The new treaty, as with any treaty, will be subject to the advice and consent of the U.S. Senate prior to ratification. The U.S. Senate should consider whether ratification and entry into force of the new treaty will serve the security interests of the U.S. Specifically:

  1. The treaty should not subject conventionally armed ICBMs and SLBMs or bombers to the limits on delivery vehicles. The new treaty is supposed to be about limiting deployed strategic nuclear weapons on both sides. By focusing on delivery vehicles that do not carry nuclear warheads, the treaty will undermine America's ability to deter and ultimately defeat strategic attacks. This guideline should extend not only to new delivery vehicles but also to existing ones that may be refitted with conventional warheads.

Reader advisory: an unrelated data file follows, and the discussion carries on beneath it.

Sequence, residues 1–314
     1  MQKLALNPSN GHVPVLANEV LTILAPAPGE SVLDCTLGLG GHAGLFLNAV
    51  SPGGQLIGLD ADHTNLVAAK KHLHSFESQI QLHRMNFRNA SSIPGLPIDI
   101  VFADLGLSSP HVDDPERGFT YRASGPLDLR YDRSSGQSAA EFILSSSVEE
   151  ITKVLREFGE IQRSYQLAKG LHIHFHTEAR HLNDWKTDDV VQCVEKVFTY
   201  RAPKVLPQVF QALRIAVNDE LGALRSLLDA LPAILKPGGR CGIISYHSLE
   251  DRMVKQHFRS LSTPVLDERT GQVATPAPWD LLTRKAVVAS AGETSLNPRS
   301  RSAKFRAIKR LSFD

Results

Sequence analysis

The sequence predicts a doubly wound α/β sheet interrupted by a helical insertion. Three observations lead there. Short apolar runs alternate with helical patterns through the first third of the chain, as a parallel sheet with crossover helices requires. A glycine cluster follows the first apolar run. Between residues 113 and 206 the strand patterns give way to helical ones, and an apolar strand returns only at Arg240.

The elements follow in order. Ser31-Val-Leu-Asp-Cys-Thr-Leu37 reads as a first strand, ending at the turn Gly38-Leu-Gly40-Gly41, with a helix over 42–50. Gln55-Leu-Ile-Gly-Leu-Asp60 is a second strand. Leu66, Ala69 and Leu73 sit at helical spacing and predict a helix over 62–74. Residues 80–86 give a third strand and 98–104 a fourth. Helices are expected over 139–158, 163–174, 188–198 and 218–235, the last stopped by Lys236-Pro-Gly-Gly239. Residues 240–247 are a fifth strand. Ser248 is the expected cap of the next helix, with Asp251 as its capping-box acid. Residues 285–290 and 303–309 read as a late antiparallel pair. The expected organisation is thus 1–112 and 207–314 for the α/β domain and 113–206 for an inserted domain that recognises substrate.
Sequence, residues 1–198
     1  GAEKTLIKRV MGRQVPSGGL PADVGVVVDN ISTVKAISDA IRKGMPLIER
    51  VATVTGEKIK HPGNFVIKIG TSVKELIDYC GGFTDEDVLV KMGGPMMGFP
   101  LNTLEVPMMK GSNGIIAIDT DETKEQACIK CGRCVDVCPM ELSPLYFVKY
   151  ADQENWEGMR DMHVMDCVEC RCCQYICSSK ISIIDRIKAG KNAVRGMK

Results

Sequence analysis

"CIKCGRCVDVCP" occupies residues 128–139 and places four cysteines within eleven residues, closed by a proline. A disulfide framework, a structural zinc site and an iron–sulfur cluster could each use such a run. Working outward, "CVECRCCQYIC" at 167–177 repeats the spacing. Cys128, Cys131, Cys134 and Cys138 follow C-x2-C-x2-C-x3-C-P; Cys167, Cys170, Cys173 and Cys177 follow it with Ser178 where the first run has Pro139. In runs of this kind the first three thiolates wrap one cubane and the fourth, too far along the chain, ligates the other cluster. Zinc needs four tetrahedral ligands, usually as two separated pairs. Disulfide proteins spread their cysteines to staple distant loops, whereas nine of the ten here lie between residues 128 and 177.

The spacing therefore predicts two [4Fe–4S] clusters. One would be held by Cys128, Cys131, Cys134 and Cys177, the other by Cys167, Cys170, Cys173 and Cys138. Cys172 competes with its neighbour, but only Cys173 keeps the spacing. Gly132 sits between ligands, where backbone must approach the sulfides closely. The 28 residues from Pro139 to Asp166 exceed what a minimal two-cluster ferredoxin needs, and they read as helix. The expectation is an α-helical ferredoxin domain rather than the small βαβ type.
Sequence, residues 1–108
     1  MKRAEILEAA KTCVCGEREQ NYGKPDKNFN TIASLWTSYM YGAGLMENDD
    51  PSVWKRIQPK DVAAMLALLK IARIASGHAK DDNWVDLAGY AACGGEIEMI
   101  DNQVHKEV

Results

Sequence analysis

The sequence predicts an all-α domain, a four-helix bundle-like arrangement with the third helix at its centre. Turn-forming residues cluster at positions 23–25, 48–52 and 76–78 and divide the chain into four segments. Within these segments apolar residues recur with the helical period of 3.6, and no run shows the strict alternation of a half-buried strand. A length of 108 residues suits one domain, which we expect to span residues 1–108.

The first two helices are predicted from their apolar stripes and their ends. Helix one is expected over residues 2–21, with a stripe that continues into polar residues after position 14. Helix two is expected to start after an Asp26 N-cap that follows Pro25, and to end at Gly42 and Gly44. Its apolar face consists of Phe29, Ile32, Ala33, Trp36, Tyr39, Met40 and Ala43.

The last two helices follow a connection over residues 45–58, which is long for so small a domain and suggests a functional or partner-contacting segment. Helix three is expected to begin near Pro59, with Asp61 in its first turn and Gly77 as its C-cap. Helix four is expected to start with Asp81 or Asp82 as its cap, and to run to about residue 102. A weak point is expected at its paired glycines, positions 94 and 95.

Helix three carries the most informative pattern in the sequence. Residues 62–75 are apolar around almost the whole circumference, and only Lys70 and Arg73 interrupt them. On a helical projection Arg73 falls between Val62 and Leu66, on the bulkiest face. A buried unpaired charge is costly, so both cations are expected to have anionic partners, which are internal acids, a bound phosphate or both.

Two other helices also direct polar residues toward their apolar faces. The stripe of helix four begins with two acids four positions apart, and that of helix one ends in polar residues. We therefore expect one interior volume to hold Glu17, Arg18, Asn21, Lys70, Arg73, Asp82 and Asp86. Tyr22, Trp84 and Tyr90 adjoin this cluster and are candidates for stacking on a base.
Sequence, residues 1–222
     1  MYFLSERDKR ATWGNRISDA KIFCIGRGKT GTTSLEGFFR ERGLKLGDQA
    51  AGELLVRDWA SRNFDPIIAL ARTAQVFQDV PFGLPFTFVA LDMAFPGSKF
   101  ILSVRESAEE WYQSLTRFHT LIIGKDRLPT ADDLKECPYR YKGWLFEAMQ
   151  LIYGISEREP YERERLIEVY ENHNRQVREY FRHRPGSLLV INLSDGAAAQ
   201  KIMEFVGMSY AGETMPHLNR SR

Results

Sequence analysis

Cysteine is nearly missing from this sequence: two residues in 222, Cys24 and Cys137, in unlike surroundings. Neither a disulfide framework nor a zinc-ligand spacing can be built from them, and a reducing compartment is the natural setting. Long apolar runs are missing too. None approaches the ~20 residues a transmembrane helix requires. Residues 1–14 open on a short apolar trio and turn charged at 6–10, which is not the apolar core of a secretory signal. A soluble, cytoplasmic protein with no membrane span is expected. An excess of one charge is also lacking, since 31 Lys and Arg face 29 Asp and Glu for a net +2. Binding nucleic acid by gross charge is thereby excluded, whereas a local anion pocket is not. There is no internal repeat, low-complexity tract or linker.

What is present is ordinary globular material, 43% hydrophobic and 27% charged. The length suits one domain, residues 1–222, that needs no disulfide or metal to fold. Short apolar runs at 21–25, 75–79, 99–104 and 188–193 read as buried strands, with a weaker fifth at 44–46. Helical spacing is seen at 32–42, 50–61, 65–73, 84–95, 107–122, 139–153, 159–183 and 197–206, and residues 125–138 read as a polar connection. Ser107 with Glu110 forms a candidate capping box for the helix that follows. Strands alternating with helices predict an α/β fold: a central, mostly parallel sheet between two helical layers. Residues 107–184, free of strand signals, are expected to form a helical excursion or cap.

2. The treaty should exclude conventionally armed delivery vehicles from the definition of equipment subject to numerical limitation -- particularly if it differentiates between conventionally armed delivery vehicles and those armed with nuclear warheads. Limiting delivery vehicles in a way that excludes those that are conventionally armed would be exceedingly difficult. The temptation would be to define "delivery vehicle" in a way that is unclear -- and, in turn, result in inconsistent interpretations between the parties and severe problems in executing the treaty. An arms control treaty that includes unclear definitions of the weapons to be reduced or limited should be unacceptable to the Senate.